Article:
Even so, English word order might lead the reader to think that “the earth” is the focal point of the verse, and therefore that “the earth” is the psalmist’s major concern. Not so. Instead, the original language places the Lord in focus. The beginning half of verse 1 is an assertion that it is the Lord who owns the earth “and the fullness thereof.” The latter half then explains what this “fullness” (“that which fills it”) is: “those who dwell therein.” Therefore, since it is the Lord who rules the earth and those who dwell therein, whatever powers those “dwellers” may exercise, they are not the rulers of the earth. If any doubt on this point were to remain, verse 2 then falls like a hammer blow. Not only does verse 2 employ the “for” logic mentioned above, but it also emphasizes “he” in the original language beyond the capacity of an English translation to reflect. The cumulative effect is something like “It is the Lord who rules the earth, not those who dwell therein, because he created it!” Sandwiching humanity between two successive focused mentions of the Lord, the psalmist puts “those who dwell” in the world firmly in their place.
The One Who Seeks God
3 Who shall ascend the hill of the Lord? And who shall stand in his holy place?
In light of the absolute sovereignty of the Lord laid out in verses 1 and 2, verse 3 asks two questions for which the reader already knows the likely answers. That is to say, no one would dare to do these things! No one would climb the hill upon which the Lord’s Temple would stand, and then brazenly enter into its sacred precincts uninvited. How could a mere creature of dust stand before the Lord in his holy place? Yet verse 4 jolts the unsuspecting reader by claiming that there is, in fact, such a person:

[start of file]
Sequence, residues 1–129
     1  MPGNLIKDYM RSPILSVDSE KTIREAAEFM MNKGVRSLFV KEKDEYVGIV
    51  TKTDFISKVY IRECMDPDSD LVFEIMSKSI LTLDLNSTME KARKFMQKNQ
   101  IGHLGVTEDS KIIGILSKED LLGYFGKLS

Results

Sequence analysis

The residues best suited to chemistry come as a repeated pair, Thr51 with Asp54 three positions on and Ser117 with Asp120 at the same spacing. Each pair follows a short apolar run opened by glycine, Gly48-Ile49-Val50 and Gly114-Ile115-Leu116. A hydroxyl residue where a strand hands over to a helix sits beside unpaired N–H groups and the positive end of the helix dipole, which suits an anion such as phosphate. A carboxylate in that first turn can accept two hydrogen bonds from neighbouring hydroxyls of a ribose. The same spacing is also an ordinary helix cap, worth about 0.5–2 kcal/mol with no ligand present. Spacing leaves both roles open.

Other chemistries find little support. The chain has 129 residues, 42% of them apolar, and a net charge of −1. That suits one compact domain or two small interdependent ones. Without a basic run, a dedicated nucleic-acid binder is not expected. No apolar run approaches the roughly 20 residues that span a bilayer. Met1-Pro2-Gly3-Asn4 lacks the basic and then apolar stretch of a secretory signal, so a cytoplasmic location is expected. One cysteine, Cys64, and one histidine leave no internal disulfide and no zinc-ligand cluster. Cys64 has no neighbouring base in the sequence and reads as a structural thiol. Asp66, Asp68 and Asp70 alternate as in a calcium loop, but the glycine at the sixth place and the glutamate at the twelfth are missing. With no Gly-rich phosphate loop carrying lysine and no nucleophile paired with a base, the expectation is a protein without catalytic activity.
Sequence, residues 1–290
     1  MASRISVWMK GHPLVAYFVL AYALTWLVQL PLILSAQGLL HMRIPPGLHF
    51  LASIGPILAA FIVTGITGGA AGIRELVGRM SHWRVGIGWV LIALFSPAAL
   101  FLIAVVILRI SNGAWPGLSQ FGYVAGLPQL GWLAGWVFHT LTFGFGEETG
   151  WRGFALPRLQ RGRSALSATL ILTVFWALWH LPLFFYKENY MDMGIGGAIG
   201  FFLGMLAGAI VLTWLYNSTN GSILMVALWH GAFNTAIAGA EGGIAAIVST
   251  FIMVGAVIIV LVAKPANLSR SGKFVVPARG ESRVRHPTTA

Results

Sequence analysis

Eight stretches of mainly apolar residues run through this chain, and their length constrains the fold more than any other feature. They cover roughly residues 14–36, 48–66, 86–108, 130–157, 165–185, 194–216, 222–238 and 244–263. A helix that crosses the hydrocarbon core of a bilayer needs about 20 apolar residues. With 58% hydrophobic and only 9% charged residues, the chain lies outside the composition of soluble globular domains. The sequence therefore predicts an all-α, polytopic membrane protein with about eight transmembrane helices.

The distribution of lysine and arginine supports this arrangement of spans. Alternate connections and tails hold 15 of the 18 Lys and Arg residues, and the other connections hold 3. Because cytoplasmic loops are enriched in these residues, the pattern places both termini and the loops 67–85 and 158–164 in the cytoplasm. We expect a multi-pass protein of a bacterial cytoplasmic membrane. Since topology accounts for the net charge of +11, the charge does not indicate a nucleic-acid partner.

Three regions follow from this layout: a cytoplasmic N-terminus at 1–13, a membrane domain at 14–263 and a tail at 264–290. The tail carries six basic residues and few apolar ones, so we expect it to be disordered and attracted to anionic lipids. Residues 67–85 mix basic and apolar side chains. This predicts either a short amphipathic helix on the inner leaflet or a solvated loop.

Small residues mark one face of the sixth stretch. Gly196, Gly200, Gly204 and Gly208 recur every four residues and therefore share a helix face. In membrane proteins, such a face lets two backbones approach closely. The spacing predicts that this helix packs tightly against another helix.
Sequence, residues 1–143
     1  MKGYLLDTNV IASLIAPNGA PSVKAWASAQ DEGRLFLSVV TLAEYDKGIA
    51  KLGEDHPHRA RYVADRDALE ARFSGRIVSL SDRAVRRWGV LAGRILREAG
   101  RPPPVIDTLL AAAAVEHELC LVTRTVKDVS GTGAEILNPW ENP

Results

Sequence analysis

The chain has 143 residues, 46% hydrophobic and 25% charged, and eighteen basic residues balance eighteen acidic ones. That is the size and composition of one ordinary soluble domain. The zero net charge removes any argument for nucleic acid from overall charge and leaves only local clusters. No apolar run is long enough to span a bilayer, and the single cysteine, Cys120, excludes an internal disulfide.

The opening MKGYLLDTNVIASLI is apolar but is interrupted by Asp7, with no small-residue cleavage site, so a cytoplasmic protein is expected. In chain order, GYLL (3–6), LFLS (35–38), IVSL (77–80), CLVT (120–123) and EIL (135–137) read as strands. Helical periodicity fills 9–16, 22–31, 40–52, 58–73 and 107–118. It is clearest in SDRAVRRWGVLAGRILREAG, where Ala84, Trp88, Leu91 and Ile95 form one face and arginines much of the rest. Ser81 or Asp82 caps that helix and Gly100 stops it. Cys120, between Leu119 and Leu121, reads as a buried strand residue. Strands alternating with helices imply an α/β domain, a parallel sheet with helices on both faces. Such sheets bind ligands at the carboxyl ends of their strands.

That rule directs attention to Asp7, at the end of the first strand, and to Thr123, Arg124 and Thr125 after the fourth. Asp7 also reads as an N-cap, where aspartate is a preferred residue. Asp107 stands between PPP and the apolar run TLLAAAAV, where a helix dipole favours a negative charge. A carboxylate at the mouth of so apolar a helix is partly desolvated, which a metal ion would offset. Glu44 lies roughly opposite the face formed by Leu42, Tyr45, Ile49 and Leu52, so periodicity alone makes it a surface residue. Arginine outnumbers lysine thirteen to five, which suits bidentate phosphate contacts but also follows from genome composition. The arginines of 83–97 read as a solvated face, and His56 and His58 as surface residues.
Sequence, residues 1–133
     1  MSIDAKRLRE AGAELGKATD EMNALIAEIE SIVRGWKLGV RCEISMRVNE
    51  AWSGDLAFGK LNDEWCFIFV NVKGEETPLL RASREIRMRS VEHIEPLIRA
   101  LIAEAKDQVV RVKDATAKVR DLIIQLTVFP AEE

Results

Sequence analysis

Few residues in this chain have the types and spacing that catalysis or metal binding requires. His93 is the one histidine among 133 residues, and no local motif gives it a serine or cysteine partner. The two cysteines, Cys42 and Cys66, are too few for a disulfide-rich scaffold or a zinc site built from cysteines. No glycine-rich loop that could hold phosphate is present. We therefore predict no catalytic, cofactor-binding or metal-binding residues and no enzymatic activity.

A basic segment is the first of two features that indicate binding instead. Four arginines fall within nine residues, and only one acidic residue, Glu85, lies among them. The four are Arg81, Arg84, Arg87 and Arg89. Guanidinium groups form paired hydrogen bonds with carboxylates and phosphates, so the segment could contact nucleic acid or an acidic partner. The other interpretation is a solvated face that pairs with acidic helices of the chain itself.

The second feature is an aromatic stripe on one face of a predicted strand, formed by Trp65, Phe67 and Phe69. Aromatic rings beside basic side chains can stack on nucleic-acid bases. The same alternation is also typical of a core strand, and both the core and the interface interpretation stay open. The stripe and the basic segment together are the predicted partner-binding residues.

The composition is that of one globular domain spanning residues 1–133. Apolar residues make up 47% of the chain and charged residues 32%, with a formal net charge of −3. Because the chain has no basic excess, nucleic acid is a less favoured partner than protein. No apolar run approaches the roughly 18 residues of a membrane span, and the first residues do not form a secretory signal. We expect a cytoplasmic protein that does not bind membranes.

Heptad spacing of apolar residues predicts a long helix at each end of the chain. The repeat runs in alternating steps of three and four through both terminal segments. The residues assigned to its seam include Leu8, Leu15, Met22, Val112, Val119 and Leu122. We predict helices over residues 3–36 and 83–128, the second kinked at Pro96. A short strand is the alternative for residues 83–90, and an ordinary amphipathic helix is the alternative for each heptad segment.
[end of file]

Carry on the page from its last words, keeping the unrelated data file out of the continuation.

4 He who has clean hands and a pure heart, who does not lift up his soul to what is false and does not swear deceitfully.
“Clean hands” refers to righteous behavior (see Job 17:9) and is surely opposite to the idea of having blood on one’s hands (see Isa 59:3, Ezek 23:37): a biblical metaphor that has fittingly come over into English to expose obvious guilt. “Pure heart” then alludes to righteous motives (see Prov 20:9). Jesus’s pointed assertion of adultery taking place within one’s heart (Matt 5:27–28) underscores that a person can technically have “clean hands” and yet lack a “pure heart.” Indeed, these hand and heart standards in this first half of verse 4 are rather difficult to attain.
The second half of verse 4 drills deeper into the soil of what constitutes “clean hands” and a “pure heart.” The amplifying illustration of one with “clean hands” appears second; this person “does not swear deceitfully.” Entering into agreements (the purpose of swearing) with no intention of keeping one’s promises displays a character completely opposite that of the Lord, who never breaks his covenants with his people (see Judg 2:1). Such a “dirty-handed” person could never ascend the Lord’s hill and stand in his presence. After all, even before starting the ascent, this promise breaker has no intention to follow through on any vows made to the Lord.
Next, verse 4 describes what the opposite of a “pure heart” looks like; it is a person who “lifts up his soul to what is false.” Every other time the Psalms mention the lifting of the soul, the action has to do with worship of the Lord (see Ps 25:1, 86:4, 143:8). Accordingly, as in Jer 18:15, committing “false” worship acts can entail a false object of worship: any or all of the world’s imposter false gods. That said, humans can also try to worship the Lord in a false manner. The prohibition against taking the name of the Lord “in vain” in the Ten Commandments uses the same term for “what is false” as in Ps 24:4.
We see that in just a few words, Ps 24:4 lauds a person of righteous behavior and righteous motives. Breaking promises and either worshiping other gods or presuming to worship the Lord wrongly would conflict so much with this person’s character that these displays of contempt toward God would be unthinkable. So, of course, such a righteous person would be welcome in the presence of the Creator-King.